In the aesthetics of tagging, then, tags, memes, and gifs emerge as shared experiences rather than data, occurrences of performative gestures rather than nodes to be displayed in network maps. These experiences can contribute to the naturalization and perpetuation of categories and stereotypes, or they can highlight the ideological and historical conflicts of classification itself, as enforced by the infrastructure underneath.
As I will discuss in the next weeks, the cultural producers I interviewed are preoccupied precisely with this type of negotiation.
Apprich, C., Chun. W., Cramer, F., Steyerl, H. (2018). Pattern Discrimination. Minneapolis: University of Minnesota Press.
Bishop, C. (2004). Antagonism and Relational Aesthetics. OCTOBER 110, Fall 2004, 51–79
Bishop, C. (2012). Artificial Hells: Participatory Art and the Politics of Spectatorship. London: Verso.
Bourriaud, N. (1998). Relational Aesthetics. Dijon: Les Presses Du Reel.
Bowker, G. & Leigh-Star, S. (1999). Sorting Things Out. Classification and Its Consequences. Cambridge, MA: MIT University Press.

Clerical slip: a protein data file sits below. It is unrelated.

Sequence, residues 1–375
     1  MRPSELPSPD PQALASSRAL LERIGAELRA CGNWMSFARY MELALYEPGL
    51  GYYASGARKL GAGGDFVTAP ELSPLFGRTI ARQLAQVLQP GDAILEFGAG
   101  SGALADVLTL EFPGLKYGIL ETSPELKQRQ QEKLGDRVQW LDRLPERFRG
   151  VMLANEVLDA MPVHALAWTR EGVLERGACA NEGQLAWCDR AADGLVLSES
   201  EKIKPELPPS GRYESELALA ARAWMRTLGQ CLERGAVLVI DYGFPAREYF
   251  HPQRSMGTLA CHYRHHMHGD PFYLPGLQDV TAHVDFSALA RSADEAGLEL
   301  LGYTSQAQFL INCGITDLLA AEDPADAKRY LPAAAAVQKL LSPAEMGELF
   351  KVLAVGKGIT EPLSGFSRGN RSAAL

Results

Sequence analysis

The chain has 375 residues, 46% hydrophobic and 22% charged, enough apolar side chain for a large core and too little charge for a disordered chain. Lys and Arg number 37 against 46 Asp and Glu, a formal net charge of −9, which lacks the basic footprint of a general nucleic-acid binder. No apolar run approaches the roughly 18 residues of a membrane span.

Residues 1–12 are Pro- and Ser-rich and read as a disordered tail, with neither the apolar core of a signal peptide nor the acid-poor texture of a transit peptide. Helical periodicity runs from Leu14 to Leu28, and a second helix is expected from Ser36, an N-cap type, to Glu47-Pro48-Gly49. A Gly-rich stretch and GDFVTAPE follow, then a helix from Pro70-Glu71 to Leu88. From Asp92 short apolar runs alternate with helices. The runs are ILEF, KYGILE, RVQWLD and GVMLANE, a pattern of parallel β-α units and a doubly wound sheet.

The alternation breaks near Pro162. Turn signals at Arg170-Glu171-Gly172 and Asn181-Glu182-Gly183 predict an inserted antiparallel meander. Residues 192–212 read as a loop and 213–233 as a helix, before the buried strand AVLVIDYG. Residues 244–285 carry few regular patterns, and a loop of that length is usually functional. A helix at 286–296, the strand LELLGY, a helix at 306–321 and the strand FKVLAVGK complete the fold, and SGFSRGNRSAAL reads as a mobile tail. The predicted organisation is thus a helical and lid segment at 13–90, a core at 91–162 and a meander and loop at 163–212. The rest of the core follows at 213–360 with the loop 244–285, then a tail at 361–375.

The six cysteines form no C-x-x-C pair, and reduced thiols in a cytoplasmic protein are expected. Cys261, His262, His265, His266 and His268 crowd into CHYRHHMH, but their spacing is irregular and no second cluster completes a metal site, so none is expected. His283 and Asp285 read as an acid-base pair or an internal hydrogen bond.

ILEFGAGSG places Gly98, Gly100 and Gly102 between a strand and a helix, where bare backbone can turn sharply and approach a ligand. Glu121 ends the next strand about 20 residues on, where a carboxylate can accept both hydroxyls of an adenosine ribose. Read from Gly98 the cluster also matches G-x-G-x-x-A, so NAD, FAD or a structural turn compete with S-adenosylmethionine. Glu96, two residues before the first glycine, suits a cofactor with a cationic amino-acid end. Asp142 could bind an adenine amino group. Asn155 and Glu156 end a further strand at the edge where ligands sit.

Campanelli, V. (2010). Web Aesthetics. Rotterdam: NAI Publishers.
Chun, W.H. (2016). Updating to Remain the Same: Habitual New Media. Cambridge, MA: MIT University Press.
De Certeau, M. (1984). The Practice of Everyday Life. University of California Press, Berkeley, CA.
Galloway, A.R. (2012). The Interface Effect. Cambridge, UK: Polity Press.
Garcia, D. & Lovink, G. (1997). The ABC of Tactical Media. Retrieved 1 August 2018 from http://www.nettime.org/Lists-Archives/nettime-l-9705/msg00096.html
Goriunova, O. (2011). Art Platforms and Cultural Production on the Internet. Abingdon, UK: Routledge.
Milner, R.M. & Phillips, W. (2017). The Ambivalent Internet: Mischief, Oddity and Antagonism Online. Cambridge, UK: Polity.
Raley, R. (2009). Tactical Media. Minneapolis: University of Minnesota Press.